“Felloujeh cannot offer proper cakes,” Diggin Hermine said. She was Toros’ wife and revered for her culinary expertise. “I’ll order the cakes and the gateaux from Baghdad.” She saw to it that Mahmoud the chauffeur would deliver them on the exact day so they would be as fresh as if made locally.
The biggest problem was that none of the servants in the qasr was of sufficient standing to serve the coffee and the tea which, according to local custom, were served already poured in the cups and set in saucers on a large round tray.
“How about Farid Abbosh?” Diggin Sara, Khosrof’s wife suggested. Farid, an acquaintance living in Felloujeh, had spoken of previous experiences serving dignitaries.
Farid consented to do the honors and the Kouyoumdjian ladies began training him the proper way. He was told that under no circumstances should he turn his back on the King and that, after serving the coffee, he should withdraw backwards. Farid, being a man of considerable girth, found it difficult to get his bearings when walking backward. Even Mannig couldn’t control her mirth at his “test runs.”
When the Governor visited the qasr, he saw the extent and quality of the preparations and realized that in no way could he have matched them.
“It will be my honor,” he confided to Mardiros, “to direct His Royal Highness to your qasr.”
On the day of the visit everybody woke up early. The ruckus the children made while being washed and then dressed in their Sunday best filled the courtyard.
“You better stay clean,” Mannig heard one mother after another warn her child, “or else Uncle Mardiros will see that you never sit on your buttocks without pain.”
Mannig gave her husband a puzzled look, but not for long. “I’ve become …” Mardiros explained, brushing the velvet collar of his redingote. “No, they’ve made me the disciplinarian of these children. Ever since I spanked one of my nephews, the reputation stuck with the rest, making the mothers quite content to associate my name freely with the threat of the rod.”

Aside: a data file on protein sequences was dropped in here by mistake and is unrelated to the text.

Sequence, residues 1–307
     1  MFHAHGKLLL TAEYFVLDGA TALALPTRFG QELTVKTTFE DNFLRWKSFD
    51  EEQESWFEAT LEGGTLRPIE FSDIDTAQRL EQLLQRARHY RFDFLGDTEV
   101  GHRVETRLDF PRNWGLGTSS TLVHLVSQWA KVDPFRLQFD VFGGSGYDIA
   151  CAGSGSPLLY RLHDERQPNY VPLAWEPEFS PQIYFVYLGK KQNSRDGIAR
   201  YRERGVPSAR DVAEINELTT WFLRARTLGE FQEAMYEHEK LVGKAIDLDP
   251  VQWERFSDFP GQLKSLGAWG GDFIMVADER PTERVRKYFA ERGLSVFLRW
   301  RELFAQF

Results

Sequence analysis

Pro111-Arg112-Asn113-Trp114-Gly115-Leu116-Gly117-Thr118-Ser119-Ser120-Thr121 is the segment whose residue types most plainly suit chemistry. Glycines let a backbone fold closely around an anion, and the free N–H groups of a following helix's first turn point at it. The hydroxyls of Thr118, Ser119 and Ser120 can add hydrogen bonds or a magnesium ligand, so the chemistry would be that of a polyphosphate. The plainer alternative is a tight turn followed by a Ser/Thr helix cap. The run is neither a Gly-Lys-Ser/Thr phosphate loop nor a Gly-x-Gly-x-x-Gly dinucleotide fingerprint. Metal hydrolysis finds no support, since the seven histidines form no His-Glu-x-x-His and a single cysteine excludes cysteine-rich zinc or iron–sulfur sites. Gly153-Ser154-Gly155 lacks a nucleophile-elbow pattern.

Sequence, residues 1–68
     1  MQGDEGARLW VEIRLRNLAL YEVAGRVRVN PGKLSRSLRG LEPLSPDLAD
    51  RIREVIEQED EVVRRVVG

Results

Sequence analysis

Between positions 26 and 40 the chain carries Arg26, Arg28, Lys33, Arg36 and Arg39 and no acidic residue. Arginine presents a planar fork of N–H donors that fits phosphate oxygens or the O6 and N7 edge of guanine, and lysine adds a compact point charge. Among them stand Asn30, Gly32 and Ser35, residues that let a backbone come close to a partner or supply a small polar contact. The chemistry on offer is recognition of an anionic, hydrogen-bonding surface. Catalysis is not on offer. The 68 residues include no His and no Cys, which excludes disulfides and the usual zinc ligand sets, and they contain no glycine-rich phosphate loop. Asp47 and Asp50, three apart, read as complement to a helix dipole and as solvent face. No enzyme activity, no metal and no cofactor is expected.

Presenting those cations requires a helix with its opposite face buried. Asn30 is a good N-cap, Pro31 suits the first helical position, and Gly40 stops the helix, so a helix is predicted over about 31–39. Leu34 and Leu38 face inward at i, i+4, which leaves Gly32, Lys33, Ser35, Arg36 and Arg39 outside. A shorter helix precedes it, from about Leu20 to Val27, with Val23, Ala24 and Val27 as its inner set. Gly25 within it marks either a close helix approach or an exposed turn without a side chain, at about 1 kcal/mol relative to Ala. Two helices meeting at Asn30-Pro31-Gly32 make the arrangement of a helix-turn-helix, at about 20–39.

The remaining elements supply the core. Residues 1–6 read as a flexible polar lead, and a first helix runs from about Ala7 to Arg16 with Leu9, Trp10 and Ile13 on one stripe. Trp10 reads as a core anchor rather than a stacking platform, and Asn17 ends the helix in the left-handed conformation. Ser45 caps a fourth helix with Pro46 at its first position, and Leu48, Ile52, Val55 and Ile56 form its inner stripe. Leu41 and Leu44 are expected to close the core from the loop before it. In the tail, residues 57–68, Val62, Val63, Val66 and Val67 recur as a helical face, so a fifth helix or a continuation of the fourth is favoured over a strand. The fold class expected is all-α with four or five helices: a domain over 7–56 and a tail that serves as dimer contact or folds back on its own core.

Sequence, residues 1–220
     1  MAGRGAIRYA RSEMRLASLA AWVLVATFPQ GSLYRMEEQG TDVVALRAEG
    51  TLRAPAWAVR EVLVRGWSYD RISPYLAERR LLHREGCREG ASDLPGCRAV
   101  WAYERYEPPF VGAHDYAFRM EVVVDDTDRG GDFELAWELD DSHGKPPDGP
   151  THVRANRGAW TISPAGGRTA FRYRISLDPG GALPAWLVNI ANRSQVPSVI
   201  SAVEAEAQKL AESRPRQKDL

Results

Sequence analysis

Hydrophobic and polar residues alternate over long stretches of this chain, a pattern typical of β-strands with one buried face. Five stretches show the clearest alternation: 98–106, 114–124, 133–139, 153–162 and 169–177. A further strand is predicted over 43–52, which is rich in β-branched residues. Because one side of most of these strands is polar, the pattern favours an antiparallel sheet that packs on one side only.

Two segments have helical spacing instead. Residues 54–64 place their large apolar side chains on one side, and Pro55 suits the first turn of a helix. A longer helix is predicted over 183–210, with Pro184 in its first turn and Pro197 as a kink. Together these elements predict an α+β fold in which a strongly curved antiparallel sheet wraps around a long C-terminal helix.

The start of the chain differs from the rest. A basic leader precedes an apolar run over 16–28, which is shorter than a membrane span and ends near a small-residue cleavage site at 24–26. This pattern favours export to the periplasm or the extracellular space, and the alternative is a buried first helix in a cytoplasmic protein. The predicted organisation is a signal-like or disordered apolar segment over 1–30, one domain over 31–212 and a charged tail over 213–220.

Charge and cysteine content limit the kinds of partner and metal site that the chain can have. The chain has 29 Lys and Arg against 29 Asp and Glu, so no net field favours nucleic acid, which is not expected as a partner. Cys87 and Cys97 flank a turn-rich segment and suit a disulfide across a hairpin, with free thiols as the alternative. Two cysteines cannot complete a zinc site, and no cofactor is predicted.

“I noticed Diggin Hermine pressing Toros’ morning suit,” Mannig said. “Should I do the same to yours?”
“It’s not necessary,” Mardiros said. “But perhaps you ought to attend to your own clothing.”
“Oh, I will,” Mannig said, showing him her yellow silk dress, dotted with pearls. Maggie, Khosrof’s seventeen-year-old daughter from his late wife, had chosen it for her at Orozdi Bek, the Swiss department store in Baghdad.
“That’s a perfect outfit for tea,” he said, face brightening and eyes shining.
“Maggie said this was the most fashionable style these days,” Mannig said.
“Maggie has good taste,” Mardiros said. Then, walking out of their compartment, he leaned on the banister and called the men-servants, who dashed to the courtyard, looking up. “Collect all the Persian carpets in the qasr,” he instructed. “Dust each one and examine their condition. Then lay them end-to-end from the roadway all the way to the drawing room. Do you understand? His Majesty’s feet should not touch the bare ground.”